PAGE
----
Twenty years ago today Apple actually sued co-founder and former chairman Steve Jobs – just days after he resigned from the company.

Apple sued Jobs and fellow ex-Apple employee Rich Page on September 23, 1985. Both were ordered not to use any proprietary information for their post-Apple venture, and Jobs was charged with dereliction of duties as chairman of Apple.

Jobs was forced out of Apple in 1985 in a vicious power-play that left his erstwhile friend John Sculley in charge (both pictured here in happier times). In the words of BusinessWeek, Jobs was "hurt, humiliated, and disillusioned".


In April 1985 Sculley had got the board to agree to remove Jobs of his roles as executive vice president and general manager of the Macintosh division. The board agreed to allow him to remain as chairman. Sculley didn't act right away, as he was still fond of Jobs – who had infuriated many of his Apple colleagues by "meddling in areas of the company over which he had no jurisdiction" according to 'Apple Confidential' author Owen Linzmeyer.

On the eve of a trip to China, Sculley was informed by Apple's VP of product development Jean-Louis Gasee that Jobs was plotting to overthrow him in his absence. Sculley cancelled the trip, and convened an emergency meeting of the executive staff on May 24.

When he confronted Jobs at the meeting, Sculley was blasted by the man being forced out of his own company. Jobs lashed out at his tormentor "I think you're bad for Apple, and I think you're the wrong person to run this company".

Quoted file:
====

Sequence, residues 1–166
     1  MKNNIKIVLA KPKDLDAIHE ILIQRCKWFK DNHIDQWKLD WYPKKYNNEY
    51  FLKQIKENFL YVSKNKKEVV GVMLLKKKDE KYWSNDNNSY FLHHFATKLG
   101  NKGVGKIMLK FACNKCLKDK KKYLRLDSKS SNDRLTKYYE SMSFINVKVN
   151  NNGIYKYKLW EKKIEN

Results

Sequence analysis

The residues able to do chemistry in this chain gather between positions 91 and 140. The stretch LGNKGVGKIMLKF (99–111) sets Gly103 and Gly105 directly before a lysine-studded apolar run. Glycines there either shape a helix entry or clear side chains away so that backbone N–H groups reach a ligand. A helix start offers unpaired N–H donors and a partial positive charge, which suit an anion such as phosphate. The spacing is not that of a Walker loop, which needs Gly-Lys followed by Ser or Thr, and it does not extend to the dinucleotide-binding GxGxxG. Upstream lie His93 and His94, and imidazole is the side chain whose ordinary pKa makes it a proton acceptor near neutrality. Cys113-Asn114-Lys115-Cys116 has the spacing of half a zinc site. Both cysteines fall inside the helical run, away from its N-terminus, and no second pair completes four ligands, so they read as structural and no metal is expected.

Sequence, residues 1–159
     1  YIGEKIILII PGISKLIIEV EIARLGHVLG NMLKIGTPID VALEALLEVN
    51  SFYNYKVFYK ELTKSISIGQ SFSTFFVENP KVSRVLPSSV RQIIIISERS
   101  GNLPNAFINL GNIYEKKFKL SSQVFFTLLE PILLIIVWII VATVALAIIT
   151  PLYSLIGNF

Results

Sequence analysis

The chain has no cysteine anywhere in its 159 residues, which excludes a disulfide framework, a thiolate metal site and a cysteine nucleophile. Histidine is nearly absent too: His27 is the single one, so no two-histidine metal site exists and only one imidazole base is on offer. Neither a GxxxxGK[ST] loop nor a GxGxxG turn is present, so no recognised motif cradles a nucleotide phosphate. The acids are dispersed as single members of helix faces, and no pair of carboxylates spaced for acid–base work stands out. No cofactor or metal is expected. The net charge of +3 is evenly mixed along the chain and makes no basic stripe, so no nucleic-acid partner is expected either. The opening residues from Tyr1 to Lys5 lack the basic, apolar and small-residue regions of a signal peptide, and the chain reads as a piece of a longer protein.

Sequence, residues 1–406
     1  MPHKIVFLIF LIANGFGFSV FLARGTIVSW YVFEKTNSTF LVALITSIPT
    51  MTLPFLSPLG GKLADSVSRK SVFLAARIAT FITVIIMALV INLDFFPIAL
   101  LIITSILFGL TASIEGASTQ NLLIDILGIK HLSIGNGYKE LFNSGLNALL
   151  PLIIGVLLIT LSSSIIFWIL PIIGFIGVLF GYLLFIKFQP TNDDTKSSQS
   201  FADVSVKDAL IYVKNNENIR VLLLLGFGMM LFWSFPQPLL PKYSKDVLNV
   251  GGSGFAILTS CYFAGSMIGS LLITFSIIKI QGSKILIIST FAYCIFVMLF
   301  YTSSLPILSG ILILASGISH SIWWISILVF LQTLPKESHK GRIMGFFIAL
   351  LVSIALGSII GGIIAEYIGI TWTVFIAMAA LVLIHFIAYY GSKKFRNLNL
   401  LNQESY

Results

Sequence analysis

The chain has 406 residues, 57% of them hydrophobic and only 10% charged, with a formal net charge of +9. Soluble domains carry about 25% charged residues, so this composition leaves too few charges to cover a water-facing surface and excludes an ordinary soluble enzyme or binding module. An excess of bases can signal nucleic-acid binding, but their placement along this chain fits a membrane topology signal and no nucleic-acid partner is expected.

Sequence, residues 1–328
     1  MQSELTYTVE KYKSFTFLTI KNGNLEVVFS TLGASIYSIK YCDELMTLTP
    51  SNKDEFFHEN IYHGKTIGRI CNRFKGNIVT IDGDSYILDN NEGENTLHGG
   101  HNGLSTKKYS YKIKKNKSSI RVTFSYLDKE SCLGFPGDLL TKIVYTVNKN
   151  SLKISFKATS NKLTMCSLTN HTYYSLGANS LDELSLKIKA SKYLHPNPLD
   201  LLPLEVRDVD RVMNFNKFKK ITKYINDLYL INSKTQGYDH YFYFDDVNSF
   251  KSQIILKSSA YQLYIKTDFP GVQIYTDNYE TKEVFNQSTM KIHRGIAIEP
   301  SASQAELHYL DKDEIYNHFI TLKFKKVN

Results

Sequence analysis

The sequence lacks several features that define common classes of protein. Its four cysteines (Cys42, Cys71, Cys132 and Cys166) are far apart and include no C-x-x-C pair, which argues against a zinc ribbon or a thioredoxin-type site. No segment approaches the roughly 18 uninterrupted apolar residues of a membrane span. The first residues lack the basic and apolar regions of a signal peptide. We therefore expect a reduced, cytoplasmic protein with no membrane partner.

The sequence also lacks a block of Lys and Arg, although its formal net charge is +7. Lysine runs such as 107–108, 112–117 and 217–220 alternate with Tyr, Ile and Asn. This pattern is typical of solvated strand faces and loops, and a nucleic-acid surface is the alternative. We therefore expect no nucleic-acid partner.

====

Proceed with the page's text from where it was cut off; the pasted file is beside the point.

All sided with Sculley, and Jobs left the room "close to tears" according to some.


Two days later Jobs suggested that Sculley become chairman, and that he be appointed president and CEO. Sculley responded by stripping Jobs of all operational duties on May 31. Jobs was put in charge of "global thinking" in a remote office dubbed "Siberia".

On September 12 he told the board of directors that he and a few "low-level" employees planned to start a new computer company that would address the needs of higher education. He asked Apple to license Macintosh software to the company, promising that his new company would not compete with Apple. He offered to resign as chairman.

The board rejected Jobs' resignation, asking him to defer for a week so it could consider taking a 10 per cent stake in the company.

The next day Jobs presented his list of Apple employees: Susan Barnes (senior controller for US Sales & Marketing); George Crow (engineering manager); Dan'l Lewin (higher-education marketing manager); Rich page (Apple Fellow), and Bud Tribble (manager of software engineering).

Apple's board reacted in fury, seeing these employees as nothing like "low level" and privy to vital company secrets. But before they could sack Jobs, he quit on September 17.

Apple filed its legal challenges on September 23.

Later, realizing that the suit only gave Jobs further credibility, Apple quietly settled out of court in January 1986.


Jobs' new company was NeXT, which while a business failure for most of its existence did create a modern operating system called NeXTStep. Apple eventually bought NeXT (for $427m) in 1996 to get its hands on this system as a replacement for the ageing Mac OS.

Jobs returned to Apple as an adviser to CEO Gil Amelio, but it wasn't long before he was back at the helm of the company he co-founded in 1976. His vision and business acumen – clearly improved since Apple felt it could do better without him – brought the company back from the brink of disaster, launching innovative products such as the iMac and iPod. NextStep was transformed into Mac OS X in 2000.